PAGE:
Those home buyers had filed a case under the revamped bankruptcy laws about four years ago, citing fraud by the promoters, AMR Infrastructure, and sought possession of their properties.
The process drew resolution plans from two builders and one of the plans was approved by the committee of creditors in May 2019. Since then, at least twice the orders were reserved on approving the plan, but could not be pronounced as the relevant judges left office at the company law tribunals.
The National Company Law Tribunal Appellate admitted the insolvency petition in May 2018 when aggrieved buyers alleged fraud and demanded possession.
“AMR Infrastructure was supposed to deliver the project in 2012,” said a source involved in the matter.
Delhi-based Vikram Bajaj was appointed as the resolution professional.
“The project land was purchased in group company RC Infosystem P Ltd., whereas the bookings for real estate units were undertaken in AMR that offered an assured return to real estate investors,” said Vikram Bajaj.
“The case is peculiar as it has claims of nearly 2,000 homebuyers and no bank or financial institution is involved,” he said.
The resolution plan of Rajasthan-based businessmen Surender Kumar Singhal, Rajat Singhal and Raman Aggarwal, known as the promoters of Krish Group, was approved by the Committee of Creditors in May, 2019.
Justice MM Kumar had reserved his order on approval of the resolution plan. However, he demitted office in January 2020, without passing the order on the application. The case was again opened for rehearing. Resolution plan / objections were re-heard at length by Justice BSV Prakash Kumar.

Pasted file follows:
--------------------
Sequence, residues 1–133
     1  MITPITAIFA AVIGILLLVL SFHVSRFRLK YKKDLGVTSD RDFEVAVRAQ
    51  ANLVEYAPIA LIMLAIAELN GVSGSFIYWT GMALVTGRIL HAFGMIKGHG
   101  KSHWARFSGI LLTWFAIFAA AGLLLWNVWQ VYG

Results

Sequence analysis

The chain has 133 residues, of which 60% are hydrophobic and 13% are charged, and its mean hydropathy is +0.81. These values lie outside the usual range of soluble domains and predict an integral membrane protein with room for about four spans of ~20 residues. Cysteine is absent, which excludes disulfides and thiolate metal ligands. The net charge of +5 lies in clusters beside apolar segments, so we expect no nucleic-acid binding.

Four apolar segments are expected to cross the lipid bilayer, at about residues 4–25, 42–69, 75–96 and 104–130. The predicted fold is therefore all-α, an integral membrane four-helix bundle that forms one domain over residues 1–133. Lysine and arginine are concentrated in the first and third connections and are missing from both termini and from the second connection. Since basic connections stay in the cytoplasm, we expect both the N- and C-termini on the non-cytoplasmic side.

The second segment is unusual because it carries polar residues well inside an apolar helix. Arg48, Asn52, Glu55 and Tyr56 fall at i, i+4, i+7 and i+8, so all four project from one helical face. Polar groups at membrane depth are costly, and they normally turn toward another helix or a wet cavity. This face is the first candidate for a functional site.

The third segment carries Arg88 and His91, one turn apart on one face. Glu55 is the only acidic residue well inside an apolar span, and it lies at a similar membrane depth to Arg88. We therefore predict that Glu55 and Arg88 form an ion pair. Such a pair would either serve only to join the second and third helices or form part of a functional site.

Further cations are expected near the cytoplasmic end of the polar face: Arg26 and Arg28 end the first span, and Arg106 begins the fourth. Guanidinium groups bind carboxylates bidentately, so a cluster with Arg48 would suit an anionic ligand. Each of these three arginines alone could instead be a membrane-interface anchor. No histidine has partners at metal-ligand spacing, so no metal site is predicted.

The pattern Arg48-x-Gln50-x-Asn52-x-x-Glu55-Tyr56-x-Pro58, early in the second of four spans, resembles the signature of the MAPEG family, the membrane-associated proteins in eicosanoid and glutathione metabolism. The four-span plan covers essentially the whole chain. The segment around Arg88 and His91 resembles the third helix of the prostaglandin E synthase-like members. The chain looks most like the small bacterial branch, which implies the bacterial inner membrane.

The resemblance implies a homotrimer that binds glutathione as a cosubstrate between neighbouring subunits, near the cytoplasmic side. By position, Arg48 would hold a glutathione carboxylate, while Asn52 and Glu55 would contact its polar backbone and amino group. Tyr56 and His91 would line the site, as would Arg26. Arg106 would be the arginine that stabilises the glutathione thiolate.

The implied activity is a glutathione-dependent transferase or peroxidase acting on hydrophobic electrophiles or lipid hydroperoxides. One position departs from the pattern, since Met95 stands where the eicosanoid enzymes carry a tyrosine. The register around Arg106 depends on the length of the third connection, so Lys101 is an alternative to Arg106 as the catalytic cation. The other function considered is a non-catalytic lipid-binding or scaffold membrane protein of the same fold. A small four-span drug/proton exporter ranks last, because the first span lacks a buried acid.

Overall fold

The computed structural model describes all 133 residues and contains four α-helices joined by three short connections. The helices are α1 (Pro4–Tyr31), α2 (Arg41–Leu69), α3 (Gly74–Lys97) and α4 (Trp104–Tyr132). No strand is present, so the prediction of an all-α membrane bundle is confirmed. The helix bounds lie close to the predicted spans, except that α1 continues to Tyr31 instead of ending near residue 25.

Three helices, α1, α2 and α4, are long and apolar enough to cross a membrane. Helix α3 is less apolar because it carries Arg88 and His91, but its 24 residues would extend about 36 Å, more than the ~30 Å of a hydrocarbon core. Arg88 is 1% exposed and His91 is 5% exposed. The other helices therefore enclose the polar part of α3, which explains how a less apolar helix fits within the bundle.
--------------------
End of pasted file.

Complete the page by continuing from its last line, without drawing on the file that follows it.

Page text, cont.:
In between, the Appellate tribunal directed the principal bench to pass orders within two weeks. Consequently, the order was again reserved on March 23 earlier this year. But Justice Prakash Kumar demitted office on June 1 after reserving the order.
The RP filed an appeal seeking early adjudication of the plan approval application with NCLAT, directing the NCLT principal bench to give priority to the case.
“The slow judicial process has dented our hopes in a big way,” said Col. Harish Chopra, who is the president of AMR Association. “Twice our resolution plans were approved in NCLT but orders were not given. Many of our senior citizen members have lost their lives in the waiting process and others have lost faith. The promoters are getting a chance time and again to file new objections.”
The AMR case was admitted on the application of a home buyer. The obligation was considered financial debt by the Appellate Tribunal as TDS was being deducted on assured returns paid to homebuyers.